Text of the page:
While No. 52 says the best gift he ever received was a basketball, coming from a family of martial artists, he was also once given a customary karate weapon.
“I did get some wood nunchucks. They teach you on their own – they’re their own instructor,” says Johnson with a chuckle. “One little slip-up is going to hurt, so we learned how to use those pretty quickly.”
Rookie Thomas Robinson discloses he never put together a holiday wish list, coming away content no matter what he received.
“I think every year my mom bought me this little sports package – it came with a basketball, football, soccer ball, a baseball bat and a baseball,” recalls No. 0.
“But it didn’t matter if I’d get a lot or I didn’t – it was just Christmas,” he continues. “I would be up at 7 a.m., but of course, the whole house didn’t wake up until probably 10 or 11, so I’d try to make all these extra noises to wake my parents up early.”
While the Washington, D.C. native says he enjoyed the merry atmosphere and decorations, nothing could compare to the annual home-cooked meal.
“Dinner was the best part – anything you’d name, we had it,” says Robinson smiling. “Christmas dinner is just like Thanksgiving part two.”
After months of traveling on the road, his teammates unanimously agree a sit-down feast, typically featuring a turkey or ham centerpiece, is a holiday staple worth the wait.
“Macaroni and cheese, yams – my mom, she makes that good soul food,” says Evans. “When she cooks, it’s always seconds for me.”
Head Coach Keith Smart – who recalls wishing for a G.I. Joe action figure with the Kung-Fu grip as a child – says his household remains the center for family gatherings to this day.
“You’re obviously going to have the turkey, the ham … but you have the candied sweet potatoes, green beans – everything that’s good, we’re going to have,” says the Kings leader. “My mom and dad always cooked more than enough because they always took food to other people.
“I think that attitude stuck with my brothers and me – (we) didn’t look to go buy some expensive gift but made sure we’re able to give to someone.”
Kings players likewise feel fortunate to be in a position to bring happiness to parents, siblings and children.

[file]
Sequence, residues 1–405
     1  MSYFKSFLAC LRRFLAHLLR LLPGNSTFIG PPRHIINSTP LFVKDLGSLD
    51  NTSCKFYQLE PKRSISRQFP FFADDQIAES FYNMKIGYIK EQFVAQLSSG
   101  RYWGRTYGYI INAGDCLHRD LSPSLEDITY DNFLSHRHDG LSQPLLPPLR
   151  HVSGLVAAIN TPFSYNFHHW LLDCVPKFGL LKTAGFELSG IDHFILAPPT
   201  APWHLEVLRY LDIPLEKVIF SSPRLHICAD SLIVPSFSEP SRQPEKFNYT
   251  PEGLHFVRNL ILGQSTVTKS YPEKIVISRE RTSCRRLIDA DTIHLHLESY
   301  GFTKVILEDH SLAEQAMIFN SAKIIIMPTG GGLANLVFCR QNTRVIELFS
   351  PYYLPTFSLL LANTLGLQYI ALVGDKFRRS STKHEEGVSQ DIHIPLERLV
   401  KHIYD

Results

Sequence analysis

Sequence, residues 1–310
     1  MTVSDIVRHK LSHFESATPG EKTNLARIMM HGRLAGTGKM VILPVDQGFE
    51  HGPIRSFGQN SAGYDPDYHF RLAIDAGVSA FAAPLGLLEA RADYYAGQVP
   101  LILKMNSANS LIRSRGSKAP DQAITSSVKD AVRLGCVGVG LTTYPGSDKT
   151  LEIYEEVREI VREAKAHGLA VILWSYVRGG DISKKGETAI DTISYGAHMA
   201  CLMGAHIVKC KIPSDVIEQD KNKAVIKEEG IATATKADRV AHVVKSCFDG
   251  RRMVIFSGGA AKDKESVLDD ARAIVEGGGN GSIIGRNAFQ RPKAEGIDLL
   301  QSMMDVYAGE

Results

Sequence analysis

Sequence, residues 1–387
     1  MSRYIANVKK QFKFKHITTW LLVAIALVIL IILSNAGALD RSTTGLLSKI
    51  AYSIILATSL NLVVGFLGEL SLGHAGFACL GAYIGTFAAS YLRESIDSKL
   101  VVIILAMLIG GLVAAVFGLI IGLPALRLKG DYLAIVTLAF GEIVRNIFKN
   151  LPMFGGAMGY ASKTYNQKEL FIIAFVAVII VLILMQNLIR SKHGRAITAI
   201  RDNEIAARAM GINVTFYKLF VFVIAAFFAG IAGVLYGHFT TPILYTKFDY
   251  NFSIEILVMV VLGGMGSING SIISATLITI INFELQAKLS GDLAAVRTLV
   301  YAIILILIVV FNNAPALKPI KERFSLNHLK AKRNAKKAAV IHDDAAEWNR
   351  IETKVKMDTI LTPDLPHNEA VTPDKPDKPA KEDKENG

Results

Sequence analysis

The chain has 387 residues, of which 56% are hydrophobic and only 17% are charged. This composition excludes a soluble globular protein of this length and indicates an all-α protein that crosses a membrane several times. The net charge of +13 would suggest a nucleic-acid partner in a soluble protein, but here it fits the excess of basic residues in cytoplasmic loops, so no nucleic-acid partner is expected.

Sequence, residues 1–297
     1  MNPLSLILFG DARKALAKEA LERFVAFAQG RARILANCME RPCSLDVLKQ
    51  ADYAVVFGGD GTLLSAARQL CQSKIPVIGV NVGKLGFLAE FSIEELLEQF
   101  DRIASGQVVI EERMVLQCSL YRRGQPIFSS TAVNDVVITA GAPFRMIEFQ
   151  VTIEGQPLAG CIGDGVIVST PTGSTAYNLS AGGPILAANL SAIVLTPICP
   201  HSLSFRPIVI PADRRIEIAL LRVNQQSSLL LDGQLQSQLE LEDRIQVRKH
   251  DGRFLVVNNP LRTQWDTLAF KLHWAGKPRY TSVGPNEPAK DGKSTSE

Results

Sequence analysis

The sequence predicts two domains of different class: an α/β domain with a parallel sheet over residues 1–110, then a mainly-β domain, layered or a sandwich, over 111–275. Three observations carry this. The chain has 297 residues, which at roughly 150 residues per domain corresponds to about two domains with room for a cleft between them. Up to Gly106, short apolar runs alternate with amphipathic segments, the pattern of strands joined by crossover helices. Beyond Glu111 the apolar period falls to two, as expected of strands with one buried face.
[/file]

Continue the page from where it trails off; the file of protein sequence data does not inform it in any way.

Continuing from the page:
“It’s a blessing,” says Johnson. “Just seeing my little brothers open up gifts is a gift in itself.”
Now a dad, Chuck Hayes appreciates spending time with loved ones and close friends more than ever.
“(As a child), you didn’t really soak in the whole fact it was a family atmosphere – it was more about the presents and the food,” says No. 42, who recollects receiving a stylish leather coat in seventh grade.
“I value family time a lot more now – they’ve been supporting me and they’re most important to me,” he says. “I don’t have a greater joy than watching my son open up his presents.”
While players and coaches are active in local communities throughout the year, the holiday season presents an opportunity to spread cheer to underprivileged families during an especially meaningful time.
“It’s very important (to give back), because growing up, I wasn’t a fortunate kid,” says DeMarcus Cousins, who recently treated 50 local youth to a shopping spree. “(I’m) not really looking for credit – (it’s) just the type of person I am.”
Veteran Francisco Garcia has traditionally donated and distributed “Holiday in a Box” dinners to Latino families at a neighborhood church.
“My fiancée and I talked about it, and it’s something we want to do every year for our foundation,” said the Louisville product. “I know there are lot of poor people out there who really need a hand, especially this time of year.”
Thompson – who plans on hosting charity events through his foundation, as well – has annually visited kids at Shriners Hospitals for Children, distributing Kings gear and prizes in addition to dancing and singing with young fans.
“I’ve done it since my rookie year,” says the Kings forward. “It’s a sad situation that the kids are in, but what a way to try and brighten up their time there. We just try and cheer them up, hoping they can get healthy and able to get out of there.”
While Kings players and coaches celebrate the holidays in a variety of ways, it’s clear that brightening the lives of those they care about remains the most rewarding gift of all.